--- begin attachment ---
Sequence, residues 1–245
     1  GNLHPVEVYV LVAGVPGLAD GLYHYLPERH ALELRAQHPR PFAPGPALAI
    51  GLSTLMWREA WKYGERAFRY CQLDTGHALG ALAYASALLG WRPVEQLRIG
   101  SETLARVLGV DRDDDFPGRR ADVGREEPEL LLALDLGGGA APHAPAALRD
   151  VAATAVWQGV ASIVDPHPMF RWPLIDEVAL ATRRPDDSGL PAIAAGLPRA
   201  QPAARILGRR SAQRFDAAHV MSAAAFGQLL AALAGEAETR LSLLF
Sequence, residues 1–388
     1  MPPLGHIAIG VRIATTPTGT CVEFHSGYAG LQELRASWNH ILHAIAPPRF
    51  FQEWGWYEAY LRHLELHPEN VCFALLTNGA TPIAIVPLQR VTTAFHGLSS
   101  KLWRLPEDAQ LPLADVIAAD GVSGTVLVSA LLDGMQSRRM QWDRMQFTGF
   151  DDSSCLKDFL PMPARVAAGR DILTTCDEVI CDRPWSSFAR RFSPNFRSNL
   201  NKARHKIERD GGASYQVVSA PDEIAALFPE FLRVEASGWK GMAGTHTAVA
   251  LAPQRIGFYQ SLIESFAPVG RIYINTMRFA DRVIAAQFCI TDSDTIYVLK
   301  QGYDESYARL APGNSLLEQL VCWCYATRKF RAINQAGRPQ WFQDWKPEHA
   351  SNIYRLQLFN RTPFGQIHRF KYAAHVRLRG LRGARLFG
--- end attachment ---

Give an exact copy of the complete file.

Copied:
Sequence, residues 1–245
     1  GNLHPVEVYV LVAGVPGLAD GLYHYLPERH ALELRAQHPR PFAPGPALAI
    51  GLSTLMWREA WKYGERAFRY CQLDTGHALG ALAYASALLG WRPVEQLRIG
   101  SETLARVLGV DRDDDFPGRR ADVGREEPEL LLALDLGGGA APHAPAALRD
   151  VAATAVWQGV ASIVDPHPMF RWPLIDEVAL ATRRPDDSGL PAIAAGLPRA
   201  QPAARILGRR SAQRFDAAHV MSAAAFGQLL AALAGEAETR LSLLF
Sequence, residues 1–388
     1  MPPLGHIAIG VRIATTPTGT CVEFHSGYAG LQELRASWNH ILHAIAPPRF
    51  FQEWGWYEAY LRHLELHPEN VCFALLTNGA TPIAIVPLQR VTTAFHGLSS
   101  KLWRLPEDAQ LPLADVIAAD GVSGTVLVSA LLDGMQSRRM QWDRMQFTGF
   151  DDSSCLKDFL PMPARVAAGR DILTTCDEVI CDRPWSSFAR RFSPNFRSNL
   201  NKARHKIERD GGASYQVVSA PDEIAALFPE FLRVEASGWK GMAGTHTAVA
   251  LAPQRIGFYQ SLIESFAPVG RIYINTMRFA DRVIAAQFCI TDSDTIYVLK
   301  QGYDESYARL APGNSLLEQL VCWCYATRKF RAINQAGRPQ WFQDWKPEHA
   351  SNIYRLQLFN RTPFGQIHRF KYAAHVRLRG LRGARLFG